The erratic Rocky fire in Northern California appeared to be slowing down Saturday night, officials said.
The massive fire, which quickly spread across Colusa, Lake and Yolo counties and consumed nearly 70,000 acres, was 70% contained, according to the California Department of Forestry and Fire Protection.
"The firefighters have gained the upper hand on the fire," Cal Fire spokesman Mike Yeun said. "They're making great progress."
Firefighters expect to have the fire fully contained by Thursday, Yeun said. Though firefighters still were working in "hot and dry, not ideal conditions," cooler overnight temperatures and increased relative humidity was helping them make gains, he said.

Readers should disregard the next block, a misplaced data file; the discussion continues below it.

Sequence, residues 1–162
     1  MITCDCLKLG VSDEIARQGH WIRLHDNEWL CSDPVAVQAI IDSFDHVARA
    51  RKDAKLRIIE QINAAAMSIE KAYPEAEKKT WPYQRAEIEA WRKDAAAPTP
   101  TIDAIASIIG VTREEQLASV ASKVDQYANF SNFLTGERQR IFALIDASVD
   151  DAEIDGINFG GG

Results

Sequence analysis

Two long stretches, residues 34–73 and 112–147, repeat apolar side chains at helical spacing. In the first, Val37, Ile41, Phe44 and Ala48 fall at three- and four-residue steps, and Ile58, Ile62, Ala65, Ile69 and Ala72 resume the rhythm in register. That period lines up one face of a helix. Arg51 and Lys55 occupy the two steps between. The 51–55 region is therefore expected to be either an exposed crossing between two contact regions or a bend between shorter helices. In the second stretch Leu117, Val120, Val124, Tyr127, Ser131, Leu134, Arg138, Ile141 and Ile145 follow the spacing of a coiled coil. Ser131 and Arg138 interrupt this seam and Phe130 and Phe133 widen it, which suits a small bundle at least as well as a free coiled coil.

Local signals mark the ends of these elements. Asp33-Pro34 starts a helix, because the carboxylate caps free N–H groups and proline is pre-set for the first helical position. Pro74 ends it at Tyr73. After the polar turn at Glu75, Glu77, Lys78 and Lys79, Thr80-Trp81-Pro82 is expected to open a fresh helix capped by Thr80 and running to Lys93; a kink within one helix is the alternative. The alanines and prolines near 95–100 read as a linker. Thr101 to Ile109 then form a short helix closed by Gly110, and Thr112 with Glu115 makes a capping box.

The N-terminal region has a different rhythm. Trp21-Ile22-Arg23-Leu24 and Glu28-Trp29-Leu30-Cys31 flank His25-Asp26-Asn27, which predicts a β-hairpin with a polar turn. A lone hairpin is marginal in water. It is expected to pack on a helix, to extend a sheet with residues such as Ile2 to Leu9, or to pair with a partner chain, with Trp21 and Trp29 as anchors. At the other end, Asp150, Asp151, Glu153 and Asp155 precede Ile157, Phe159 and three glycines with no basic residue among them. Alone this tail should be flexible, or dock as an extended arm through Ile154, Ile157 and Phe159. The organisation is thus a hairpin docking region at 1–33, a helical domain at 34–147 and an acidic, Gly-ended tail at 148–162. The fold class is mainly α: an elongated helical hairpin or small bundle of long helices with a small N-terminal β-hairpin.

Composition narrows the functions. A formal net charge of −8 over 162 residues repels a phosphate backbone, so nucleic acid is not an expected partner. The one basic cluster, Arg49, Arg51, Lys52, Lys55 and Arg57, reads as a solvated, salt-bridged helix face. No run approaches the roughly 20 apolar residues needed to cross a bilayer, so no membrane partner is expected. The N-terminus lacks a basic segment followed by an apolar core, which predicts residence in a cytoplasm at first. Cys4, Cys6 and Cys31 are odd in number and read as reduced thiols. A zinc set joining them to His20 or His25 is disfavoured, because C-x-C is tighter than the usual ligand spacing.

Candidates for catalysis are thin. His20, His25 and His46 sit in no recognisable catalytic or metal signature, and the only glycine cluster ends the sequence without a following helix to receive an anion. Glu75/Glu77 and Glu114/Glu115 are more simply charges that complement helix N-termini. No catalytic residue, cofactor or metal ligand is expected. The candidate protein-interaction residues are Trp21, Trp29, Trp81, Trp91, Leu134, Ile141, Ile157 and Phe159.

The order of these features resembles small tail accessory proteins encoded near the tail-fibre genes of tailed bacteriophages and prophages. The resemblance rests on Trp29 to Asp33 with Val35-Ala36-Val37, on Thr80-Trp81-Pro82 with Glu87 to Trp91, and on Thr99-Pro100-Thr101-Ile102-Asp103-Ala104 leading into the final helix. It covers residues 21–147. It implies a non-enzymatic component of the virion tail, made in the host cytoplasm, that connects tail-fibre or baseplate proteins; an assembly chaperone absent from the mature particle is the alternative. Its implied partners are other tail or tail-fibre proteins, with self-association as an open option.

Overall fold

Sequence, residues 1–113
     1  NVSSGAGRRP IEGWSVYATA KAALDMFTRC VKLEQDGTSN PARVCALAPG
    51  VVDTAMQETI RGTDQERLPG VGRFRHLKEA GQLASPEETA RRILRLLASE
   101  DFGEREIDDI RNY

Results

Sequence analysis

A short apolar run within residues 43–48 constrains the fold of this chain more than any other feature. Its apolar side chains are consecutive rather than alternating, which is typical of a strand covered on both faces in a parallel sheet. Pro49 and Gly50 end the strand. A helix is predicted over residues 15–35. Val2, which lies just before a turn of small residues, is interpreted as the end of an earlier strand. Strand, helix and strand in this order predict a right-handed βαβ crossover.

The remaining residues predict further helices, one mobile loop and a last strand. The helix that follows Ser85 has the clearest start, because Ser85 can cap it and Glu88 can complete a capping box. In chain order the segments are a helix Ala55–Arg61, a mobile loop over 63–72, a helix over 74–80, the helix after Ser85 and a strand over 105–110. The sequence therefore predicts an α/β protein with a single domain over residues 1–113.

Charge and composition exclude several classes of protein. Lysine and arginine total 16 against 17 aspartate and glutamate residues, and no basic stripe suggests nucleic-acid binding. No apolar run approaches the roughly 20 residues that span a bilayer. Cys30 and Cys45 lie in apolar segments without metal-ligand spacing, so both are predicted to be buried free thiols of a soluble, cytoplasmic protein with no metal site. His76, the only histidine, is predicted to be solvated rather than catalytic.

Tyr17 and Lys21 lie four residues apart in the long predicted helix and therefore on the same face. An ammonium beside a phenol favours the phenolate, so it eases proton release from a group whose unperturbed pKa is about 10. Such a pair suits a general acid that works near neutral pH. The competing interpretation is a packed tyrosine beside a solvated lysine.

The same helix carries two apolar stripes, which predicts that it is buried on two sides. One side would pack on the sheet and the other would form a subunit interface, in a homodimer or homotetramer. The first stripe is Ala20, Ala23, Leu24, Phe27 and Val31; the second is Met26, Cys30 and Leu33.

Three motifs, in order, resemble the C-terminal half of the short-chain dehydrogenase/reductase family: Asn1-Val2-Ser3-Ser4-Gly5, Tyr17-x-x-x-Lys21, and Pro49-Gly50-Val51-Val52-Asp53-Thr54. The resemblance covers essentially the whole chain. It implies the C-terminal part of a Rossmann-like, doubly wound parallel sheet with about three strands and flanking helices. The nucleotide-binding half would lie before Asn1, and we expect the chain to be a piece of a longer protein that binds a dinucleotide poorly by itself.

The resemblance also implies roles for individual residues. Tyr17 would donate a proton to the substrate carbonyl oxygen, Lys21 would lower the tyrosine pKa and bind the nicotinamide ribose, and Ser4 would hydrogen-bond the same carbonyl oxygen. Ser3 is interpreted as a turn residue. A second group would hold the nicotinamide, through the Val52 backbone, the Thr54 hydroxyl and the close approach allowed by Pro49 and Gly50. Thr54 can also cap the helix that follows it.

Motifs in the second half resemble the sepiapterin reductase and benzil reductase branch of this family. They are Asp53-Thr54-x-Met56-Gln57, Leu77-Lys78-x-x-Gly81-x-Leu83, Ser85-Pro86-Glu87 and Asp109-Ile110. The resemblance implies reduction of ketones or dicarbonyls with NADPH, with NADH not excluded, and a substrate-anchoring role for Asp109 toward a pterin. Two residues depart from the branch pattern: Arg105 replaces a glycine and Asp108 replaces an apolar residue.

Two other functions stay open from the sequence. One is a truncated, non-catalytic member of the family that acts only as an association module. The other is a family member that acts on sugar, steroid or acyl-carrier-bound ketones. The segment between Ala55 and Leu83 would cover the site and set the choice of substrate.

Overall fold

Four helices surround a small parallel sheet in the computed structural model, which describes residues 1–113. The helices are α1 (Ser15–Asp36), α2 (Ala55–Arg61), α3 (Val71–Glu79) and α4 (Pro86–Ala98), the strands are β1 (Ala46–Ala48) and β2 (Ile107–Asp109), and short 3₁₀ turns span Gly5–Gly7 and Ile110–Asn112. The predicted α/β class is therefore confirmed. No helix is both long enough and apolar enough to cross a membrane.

Saturday night, about 2,400 firefighters were battling the fire.
There was still smoke in the air, Yeun said, "but it's a lot better than it was six days ago."
The Rocky fire destroyed 43 homes, 53 outbuildings and eight other structures. As of Saturday morning, evacuated residents were allowed to return home and all roads were reopened except for rural Reiff Road.
The cause of the fire, which began July 29, has not been determined.
The Rocky fire started near the shore of Clear Lake, about 110 miles northwest of Sacramento. The fire exploded as temperatures climbed into the triple digits and humidity was near zero.
During one five-hour stretch, the blaze charred 20,000 acres, which one fire official called "historic, unprecedented." The conflagration perplexed firefighters, plowing through containment lines and jumping over a highway.
California 20 and 16 reopened on Friday.